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Toni Sayce M'13

Toni Sayce MBA’13

“Entrepreneurs have a certain buzz about them; it is a contagious energy, driven by curiosity and optimism.”
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What is your pre-Babson experience?

I previously attended Brown University. Before coming to Babson, I worked at the Museum of Fine Arts in Boston as a curatorial planning and project manager.

As a Babson student, what did you do when not in class?

The Marketing Club was instrumental in helping me make a major career shift from the academic/nonprofit world to consumer product marketing. The club’s events supported on-campus networking with local CPG (consumer packaged goods) companies, and I was quickly able to learn marketing lingo and hone in on the key skillsets I would need to demonstrate in future interviews. I supported the club my first year, reaching out to local CPG companies and Babson alumni, inviting them to speak on campus and then I led the club as co-president my second year. I absolutely loved testing out ways to literally market Marketing Club events and educate classmates and first-years on what careers in marketing could look like and how to break in to career paths. The club led an annual on-campus case competition, which brings MBA students from around the country together to solve a real business problem, and we welcomed marketing executives from Converse and Hasbro to provide inspiring keynotes about the power of brand marketing. I loved what this club brought to the student experience at Babson, and now as an alumna, I continue to try to support on-campus events focused on CPG marketing to give back!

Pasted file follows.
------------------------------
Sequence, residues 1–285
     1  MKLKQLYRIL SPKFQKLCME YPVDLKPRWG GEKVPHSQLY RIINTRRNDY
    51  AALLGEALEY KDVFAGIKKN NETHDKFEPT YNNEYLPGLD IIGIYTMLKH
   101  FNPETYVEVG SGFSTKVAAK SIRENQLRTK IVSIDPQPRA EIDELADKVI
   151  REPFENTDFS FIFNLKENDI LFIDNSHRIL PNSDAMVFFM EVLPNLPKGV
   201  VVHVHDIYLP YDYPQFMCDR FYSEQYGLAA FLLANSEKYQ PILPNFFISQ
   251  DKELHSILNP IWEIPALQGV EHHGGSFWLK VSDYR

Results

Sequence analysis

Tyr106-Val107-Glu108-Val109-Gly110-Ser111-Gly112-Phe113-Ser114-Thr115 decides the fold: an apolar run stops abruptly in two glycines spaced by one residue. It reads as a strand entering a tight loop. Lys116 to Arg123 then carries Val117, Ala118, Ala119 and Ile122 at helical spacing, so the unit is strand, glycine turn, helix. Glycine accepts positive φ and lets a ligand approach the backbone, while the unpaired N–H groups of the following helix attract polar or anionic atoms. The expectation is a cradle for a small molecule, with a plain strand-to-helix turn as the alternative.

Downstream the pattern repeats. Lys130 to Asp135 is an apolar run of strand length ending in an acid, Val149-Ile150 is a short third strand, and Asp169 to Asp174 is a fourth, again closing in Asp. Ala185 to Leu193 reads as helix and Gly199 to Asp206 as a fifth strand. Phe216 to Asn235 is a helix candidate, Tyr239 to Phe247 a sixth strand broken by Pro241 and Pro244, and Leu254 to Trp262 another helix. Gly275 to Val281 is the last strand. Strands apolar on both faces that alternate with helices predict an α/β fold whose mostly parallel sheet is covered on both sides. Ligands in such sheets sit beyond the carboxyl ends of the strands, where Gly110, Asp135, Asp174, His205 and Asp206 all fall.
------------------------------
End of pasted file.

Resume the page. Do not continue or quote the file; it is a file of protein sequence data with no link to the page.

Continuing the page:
What was your favorite part of the Babson student experience?

Entrepreneurs have a certain buzz about them; it is a contagious energy, driven by curiosity and optimism. It is absolutely inspiring to be around entrepreneurs, and the entire campus just feeds off this amazing energy. While I knew that I did not want to launch my own company or business venture, the entrepreneurial vibe at Babson pushed me to be more of an action-taker in the face of ambiguity, and to push past a no to find a new solution to a problem. I’ve carried this into my career after Babson, and credit my strength in this to the Babson learning environment.

What do others need to know about Babson?

Perhaps it was the entrepreneurial current running through the campus, but I loved that I never felt pressure to find a right way to do anything. There wasn’t a right path or right connection that got you to Babson, and there wasn’t going to be a right way to lead you to success after Babson. Everyone seemed to accept that, and it was liberating.